I have to admit that I’ve shied away from writing about my Leica camera for a long time. I do like to share my thoughts on the technology and cameras I currently use or even used in the past, but writing about Leica was somehow against me.
Perhaps, I didn’t want to look like another snob using expensive cameras or appear to be bragging about it. So in this article, I will try to be very objective and unbiased.
Leica and its cameras
Leica’s history dates back to the last century. The very first Leica camera was launched in 1925. The design and production were led by Oskar Barnack, who was the engineer behind the first revolutionary camera that allowed to use of the 35mm film format in a 2:3 aspect ratio.
Leica was surely not the first to shoot this format; however, it was the first to elevate it to the point where it is still one of the prevalent formats today.
Leica M6 “Classic” and other Leica M cameras
The Leica M series came after the models I, II, and III. It was introduced in 1954 with the first model — Leica M3. Leica M6 was launched in 1984, and its design was based on the earlier models; Leica M3 and M4 cameras.
Although Leica M6 was the first Leica M camera to have a built-in light meter, powered by two 3v SR44 batteries, it is an entirely mechanical camera.
The battery compartment is located on the front of the camera, where the older Leica models had a timer.
Another difference is a more straightforward film-loading mechanism and a faster lever to rewind the film into the canister, which the M6 model inherited from the M4 one.
My first impressions of Leica M6
Leica M6 is my first camera from the Leica manufacturer and their M series. I always wanted to have one. At least to try it out, at least to own it for a while. And when I finally managed to get one, I knew I wasn’t going to get rid of it that quickly. If at all!
The first two things that immediately impressed me were the softness of the winding lever and the quiet sound of the shutter. The winding is unbelievably smooth, and I have never experienced such smooth winding on any other camera.
The thickness of the body is just right, making the camera fit nicely in the palm of my hand. Moreover, the overall feeling of the design is more than satisfactory.
The body is solid, the materials are reliable, and the use is addictive.
What surprised me quite a bit was the weight of the M6. Many people often talk about how compact and small it is, so one automatically expects and idealises its size and weight internally.
But it doesn’t seem to be extra light when you hold it in your hand. It weighs as much as a classic SLR camera, and I didn’t feel much difference compared to my other favourite camera, Yashica Mat 124-G.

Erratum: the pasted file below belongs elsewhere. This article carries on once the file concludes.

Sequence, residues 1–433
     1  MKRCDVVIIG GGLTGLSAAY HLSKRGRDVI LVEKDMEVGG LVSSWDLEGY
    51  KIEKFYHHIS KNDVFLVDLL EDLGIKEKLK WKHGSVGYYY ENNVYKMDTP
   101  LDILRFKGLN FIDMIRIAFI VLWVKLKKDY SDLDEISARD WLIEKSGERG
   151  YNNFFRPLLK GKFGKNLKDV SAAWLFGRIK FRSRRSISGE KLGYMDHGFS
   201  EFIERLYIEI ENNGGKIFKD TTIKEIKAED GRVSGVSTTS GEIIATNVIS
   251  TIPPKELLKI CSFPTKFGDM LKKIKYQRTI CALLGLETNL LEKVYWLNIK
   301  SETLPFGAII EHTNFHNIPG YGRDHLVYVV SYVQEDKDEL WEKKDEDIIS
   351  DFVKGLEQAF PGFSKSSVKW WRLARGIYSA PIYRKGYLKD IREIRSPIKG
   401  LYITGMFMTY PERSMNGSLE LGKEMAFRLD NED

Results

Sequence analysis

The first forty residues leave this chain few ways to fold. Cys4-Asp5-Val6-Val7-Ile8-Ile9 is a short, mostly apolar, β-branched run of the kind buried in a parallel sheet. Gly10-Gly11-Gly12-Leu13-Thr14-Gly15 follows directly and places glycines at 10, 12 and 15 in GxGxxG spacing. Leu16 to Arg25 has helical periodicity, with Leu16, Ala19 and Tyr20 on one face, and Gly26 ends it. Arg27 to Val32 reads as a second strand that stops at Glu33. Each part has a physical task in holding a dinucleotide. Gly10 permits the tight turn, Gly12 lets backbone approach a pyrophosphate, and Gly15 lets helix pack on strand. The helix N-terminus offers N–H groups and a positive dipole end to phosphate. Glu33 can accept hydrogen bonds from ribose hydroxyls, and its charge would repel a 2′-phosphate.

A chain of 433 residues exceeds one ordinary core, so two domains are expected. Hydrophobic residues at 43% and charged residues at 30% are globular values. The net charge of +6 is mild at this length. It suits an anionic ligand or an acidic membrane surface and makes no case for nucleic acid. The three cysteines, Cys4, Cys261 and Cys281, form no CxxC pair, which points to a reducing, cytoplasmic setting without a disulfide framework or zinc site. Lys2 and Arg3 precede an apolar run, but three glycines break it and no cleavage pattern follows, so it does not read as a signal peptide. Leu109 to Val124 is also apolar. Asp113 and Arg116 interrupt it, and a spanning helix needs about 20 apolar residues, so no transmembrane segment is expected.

And in terms of its size, it’s such a standard. However, it can be considered compact for a camera with interchangeable lenses.
The design of the camera
I am not going to lie if I say that Leica M6 is a very nice camera, and I’m certainly not exaggerating when I say that Leica M’s are one of the most attractive cameras ever.
The camera provides only the most critical settings — the exposure triangle settings: ISO dial, shutter dial, and aperture dial on the lens.
No time or aperture priority, exposure compensation, or any other functions. Just what you really need, and this keeps distractions to a minimum and lets you focus entirely on shooting.
Using Leica M6
Leica M6 is a rangefinder camera and uses the 35mm format film, so switching from a conventional SLR to this system takes a bit of getting used to.
What is a rangefinder?
A rangefinder is a type of camera with a viewfinder. The rangefinder mechanism inserts two images from two angles into the viewfinder, and a focusing ring on the lens provides focusing. This ring is used to combine the two images into one.
Admittedly, it’s effortless and precise, but the focus is visible in the whole viewfinder on a classic SLR camera. With a rangefinder, you can only see the focusing in the centre, where the so-called focusing patch is located.
The M6 can be used in any situation. Its compactness and high-quality workmanship make it excellent for documenting everyday life and making taking photos a gratifying experience. Whenever I come back to it after using other cameras, it always puts a smile on my face.
The camera handles exceptionally well despite its simple design. Everything seems to be in the right place.
What is left to convey?
The M6 is a great camera. But what matters most to me are the photographs it helps me create. Leica M6 has become a tool taken everywhere with me as it allows me to create personal photos no matter the place — whether it’s trips, family, or just documenting my everyday life.
Maybe that’s why I waited so long to write an article about it. I wanted to see if my initial enthusiasm would wear off. However, I can openly say that the M6 is an indispensable camera to me, and I understand entirely why other photographers love it so much.
It may not be the camera everyone wants, and it may not be for everyone either. But it has undoubtedly become the camera for my needs. And I look forward to seeing more photos and moments that I capture with this elegant yet still simple camera.